Of interest to franchisors are the proposed amendments that clarify that only the agreement by which the franchise is actually granted (and not merely a deposit, confidentiality or other ancillary agreement) triggers a disclosure obligation on the part of the franchisor (and a potential rescission remedy for the benefit of the franchisee). Therefore, the amendments would allow franchisors to enter into confidentiality, non-disclosure and location agreements with prospective franchisees and to accept fully refundable deposits that do not exceed a prescribed amount (which will likely be 20% of the initial franchise fee, as in British Columbia), without triggering the disclosure obligation.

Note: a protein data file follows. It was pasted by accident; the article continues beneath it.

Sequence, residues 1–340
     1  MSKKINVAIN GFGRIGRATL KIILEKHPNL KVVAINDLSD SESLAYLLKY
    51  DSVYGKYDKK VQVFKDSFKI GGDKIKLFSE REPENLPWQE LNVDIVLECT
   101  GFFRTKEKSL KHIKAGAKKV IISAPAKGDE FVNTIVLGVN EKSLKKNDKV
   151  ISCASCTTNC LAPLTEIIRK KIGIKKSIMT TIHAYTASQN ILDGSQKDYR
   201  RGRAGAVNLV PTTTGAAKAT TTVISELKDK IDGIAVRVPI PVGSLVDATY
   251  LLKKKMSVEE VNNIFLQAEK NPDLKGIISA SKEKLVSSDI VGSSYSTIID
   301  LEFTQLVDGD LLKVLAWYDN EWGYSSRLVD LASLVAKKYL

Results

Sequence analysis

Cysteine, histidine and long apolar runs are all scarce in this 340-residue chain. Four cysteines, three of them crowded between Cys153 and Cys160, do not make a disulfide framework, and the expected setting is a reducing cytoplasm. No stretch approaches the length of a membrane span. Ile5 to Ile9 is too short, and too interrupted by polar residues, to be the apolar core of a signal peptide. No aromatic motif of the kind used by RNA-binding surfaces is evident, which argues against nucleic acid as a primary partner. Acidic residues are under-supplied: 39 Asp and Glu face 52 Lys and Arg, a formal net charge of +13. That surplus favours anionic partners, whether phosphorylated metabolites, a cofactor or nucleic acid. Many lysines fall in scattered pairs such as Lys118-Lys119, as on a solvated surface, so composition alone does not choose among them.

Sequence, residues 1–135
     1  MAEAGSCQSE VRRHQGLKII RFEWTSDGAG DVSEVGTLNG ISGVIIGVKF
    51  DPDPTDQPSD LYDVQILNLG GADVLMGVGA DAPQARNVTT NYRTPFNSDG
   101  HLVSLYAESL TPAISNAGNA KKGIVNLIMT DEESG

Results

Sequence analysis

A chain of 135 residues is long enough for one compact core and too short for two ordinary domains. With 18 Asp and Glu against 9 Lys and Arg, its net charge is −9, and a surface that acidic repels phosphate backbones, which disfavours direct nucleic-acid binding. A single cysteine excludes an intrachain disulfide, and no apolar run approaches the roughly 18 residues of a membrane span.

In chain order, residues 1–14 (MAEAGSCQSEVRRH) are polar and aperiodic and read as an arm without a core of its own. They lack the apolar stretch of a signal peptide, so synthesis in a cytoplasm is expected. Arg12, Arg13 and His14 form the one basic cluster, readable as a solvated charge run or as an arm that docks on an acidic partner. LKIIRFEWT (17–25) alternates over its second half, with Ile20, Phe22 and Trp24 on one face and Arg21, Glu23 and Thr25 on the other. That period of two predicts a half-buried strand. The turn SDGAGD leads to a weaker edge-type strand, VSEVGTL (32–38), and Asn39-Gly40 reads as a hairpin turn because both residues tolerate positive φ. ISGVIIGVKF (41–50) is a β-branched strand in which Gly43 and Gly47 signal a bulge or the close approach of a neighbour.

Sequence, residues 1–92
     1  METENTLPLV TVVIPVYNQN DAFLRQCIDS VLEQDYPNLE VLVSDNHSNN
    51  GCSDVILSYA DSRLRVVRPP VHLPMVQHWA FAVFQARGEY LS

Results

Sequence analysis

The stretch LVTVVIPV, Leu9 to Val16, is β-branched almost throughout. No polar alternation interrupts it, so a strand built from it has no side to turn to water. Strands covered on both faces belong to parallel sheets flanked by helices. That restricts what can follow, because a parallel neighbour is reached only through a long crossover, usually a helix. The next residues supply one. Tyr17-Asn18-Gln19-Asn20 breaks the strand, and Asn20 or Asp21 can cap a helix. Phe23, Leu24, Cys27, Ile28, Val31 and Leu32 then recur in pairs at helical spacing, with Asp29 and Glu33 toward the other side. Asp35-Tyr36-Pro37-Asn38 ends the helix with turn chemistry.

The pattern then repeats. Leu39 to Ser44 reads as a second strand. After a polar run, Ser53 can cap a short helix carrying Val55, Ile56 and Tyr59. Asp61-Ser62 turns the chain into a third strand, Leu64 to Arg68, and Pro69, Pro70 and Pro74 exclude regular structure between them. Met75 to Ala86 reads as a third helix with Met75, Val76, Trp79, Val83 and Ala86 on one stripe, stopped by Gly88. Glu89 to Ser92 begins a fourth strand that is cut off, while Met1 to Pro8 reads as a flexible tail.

The amendments also set out important clarifications regarding certain disclosure exemptions, including the “large investment” and “de minimis investment” exemptions and remove outdated language (e.g., references to “service marks”).
Bill 154 received a second reading in the Ontario Legislature and was referred to the Standing Committee on Justice and Policy on October 3, 2017. If and when the amendments to the AWA become effective, it is expected that related amendments will be made to the AWA Regulations.
Dominic Mochrie, IDI franchising expert for Canada, and Sara McLeod, Osler, Toronto